"sensorless" soldering iron temperature control - diyAudio
Go Back   Home > Forums > Design & Build > Parts

Parts Where to get, and how to make the best bits. PCB's, caps, transformers, etc.

Please consider donating to help us continue to serve you.

Ads on/off / Custom Title / More PMs / More album space / Advanced printing & mass image saving
Reply
 
Thread Tools Search this Thread
Old 24th May 2009, 01:37 AM   #1
star882 is offline star882  United States
diyAudio Member
 
star882's Avatar
 
Join Date: Mar 2007
Default "sensorless" soldering iron temperature control

Could the resistance of the soldering iron be measured to determine its temperature? (Assume it's just a normal soldering iron without any fancy controls.) A PWM circuit can be used to control power and the resistance could be measured during the off cycle.

I'm designing a "magic box" that the soldering iron plugs into that makes the iron temperature regulated, without having to add a temperature sensor. Just calibrate it whenever a different iron is used.

Taking it a step further, it could potentially be used for any heating appliance without motors or electronics.
__________________
"Fully on MOSFET = closed switch, Fully off MOSFET = open switch, Half on MOSFET = poor imitation of Tiffany Yep." - also applies to IGBTs!
  Reply With Quote
Old 24th May 2009, 01:40 AM   #2
Magura is offline Magura  Denmark
diyAudio Member
 
Magura's Avatar
 
Join Date: Oct 2003
Location: Denmark, Viborg
A simple way of measuring the temperature, would be to simply measure the current draw of the heating element.

Magura
__________________
Everything is possible....to do the impossible just takes a little while longer.
www.class-a-labs.com
  Reply With Quote
Old 24th May 2009, 02:17 AM   #3
star882 is offline star882  United States
diyAudio Member
 
star882's Avatar
 
Join Date: Mar 2007
Quote:
Originally posted by Magura
A simple way of measuring the temperature, would be to simply measure the current draw of the heating element.

Magura
Main problem is having to account for supply voltage variations. It would be more complex than putting a current regulator in parallel with the PWM transistor and S&Hing the voltage across the load during the PWM off period.

It would work nicely if the supply is regulated, though. In that case, S&H the current during the PWM on period.
__________________
"Fully on MOSFET = closed switch, Fully off MOSFET = open switch, Half on MOSFET = poor imitation of Tiffany Yep." - also applies to IGBTs!
  Reply With Quote
Old 24th May 2009, 08:44 AM   #4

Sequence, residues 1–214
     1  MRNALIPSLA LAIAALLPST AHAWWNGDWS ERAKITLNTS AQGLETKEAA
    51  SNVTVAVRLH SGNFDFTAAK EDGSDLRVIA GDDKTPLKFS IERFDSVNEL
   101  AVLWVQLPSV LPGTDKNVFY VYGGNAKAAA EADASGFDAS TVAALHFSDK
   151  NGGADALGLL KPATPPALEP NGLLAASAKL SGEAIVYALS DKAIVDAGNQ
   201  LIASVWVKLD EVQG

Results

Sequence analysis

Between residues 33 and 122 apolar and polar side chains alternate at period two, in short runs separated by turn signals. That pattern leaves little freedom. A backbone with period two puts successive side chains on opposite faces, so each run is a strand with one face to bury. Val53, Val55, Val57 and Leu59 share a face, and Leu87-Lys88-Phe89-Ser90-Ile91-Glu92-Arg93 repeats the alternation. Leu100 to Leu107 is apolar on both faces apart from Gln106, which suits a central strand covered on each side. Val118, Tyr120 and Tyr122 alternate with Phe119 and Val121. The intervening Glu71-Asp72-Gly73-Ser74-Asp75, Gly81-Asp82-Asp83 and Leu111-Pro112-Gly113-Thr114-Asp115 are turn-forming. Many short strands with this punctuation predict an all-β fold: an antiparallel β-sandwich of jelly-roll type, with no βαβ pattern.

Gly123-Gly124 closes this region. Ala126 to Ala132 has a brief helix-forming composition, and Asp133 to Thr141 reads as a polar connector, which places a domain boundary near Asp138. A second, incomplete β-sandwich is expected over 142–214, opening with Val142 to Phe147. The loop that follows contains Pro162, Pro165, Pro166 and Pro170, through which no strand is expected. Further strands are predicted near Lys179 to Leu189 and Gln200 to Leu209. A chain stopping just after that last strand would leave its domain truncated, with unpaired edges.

Elvee is offline Elvee  Belgium
diyAudio Member
 
Elvee's Avatar
 
Join Date: Sep 2006
It could be a good idea, but with the usual materials of the heating element, it will be difficult: these alloys have in general a near zero tempco, with a sign inversion around 350°C. This makes the design of a controller very difficult.
On the other hand, self-regulating heating elements do exist: they rely on the PTC properties of special materials, and are used in hot melt guns for instance.
One could probably make a soldering iron based on such an element.
  Reply With Quote
Old 14th January 2014, 06:57 AM   #5
diyAudio Member
 
Join Date: Sep 2011
any progress on this?

is it true tip-temperature is proportional to current-draw?

thx
  Reply With Quote
Old 14th January 2014, 07:15 PM   #6
AuroraB is offline AuroraB  Norway
diyAudio Member
 
AuroraB's Avatar
 
Join Date: May 2001
Location: Norway, -north of the moral circle..
I think Elektor had a design that measured the resistance of the element itself, but it was some years ago. Couldn't find it though.....
__________________
While the Lie leapt from Bagdad to Constantinopel, the Truth was still looking for it's sandals!
  Reply With Quote
Old 19th January 2014, 03:53 AM   #7
dangus is offline dangus  Canada
diyAudio Member
 
Join Date: May 2004
Location: Vancouver Island
If you have an iron that runs too hot most of the time, try a light dimmer. It won't regulate the temperature, but it will reduce the temperature to a more reasonable range for most purposes, and make tips last longer. If you have an infrared thermometer, you could roughly calibrate the dimmer dial.
  Reply With Quote

Reply


Hide this!Advertise here!
Thread Tools Search this Thread
Search this Thread:

Advanced Search

Posting Rules
You may not post new threads
You may not post replies
You may not post attachments
You may not edit your posts

BB code is On
Smilies are On
[IMG] code is On
HTML code is Off
Trackbacks are Off
Pingbacks are Off
Refbacks are Off


Similar Threads
Thread Thread Starter Forum Replies Last Post
"TECHNO"Amp building in progress-using "Iron Method" zox2003 Solid State 23 30th March 2010 08:42 PM
What makes an amplifier "bright", "warm", or "neutral"? JohnS Solid State 51 13th December 2009 06:42 PM
The "Leap-Frog" Method Of Switching Amplifier Control Loop Design analogspiceman Class D 29 1st December 2006 03:21 PM
"Start me up..." AlephX with relais control and powermanagement. joho Pass Labs 26 22nd December 2005 02:47 PM
"non direct" volume control Glass_painter Tubes / Valves 2 25th September 2003 07:09 PM


New To Site? Need Help?

All times are GMT. The time now is 03:01 PM.


vBulletin Optimisation provided by vB Optimise (Pro) - vBulletin Mods & Addons Copyright © 2014 DragonByte Technologies Ltd.
Copyright ©1999-2014 diyAudio

Content Relevant URLs by vBSEO 3.3.2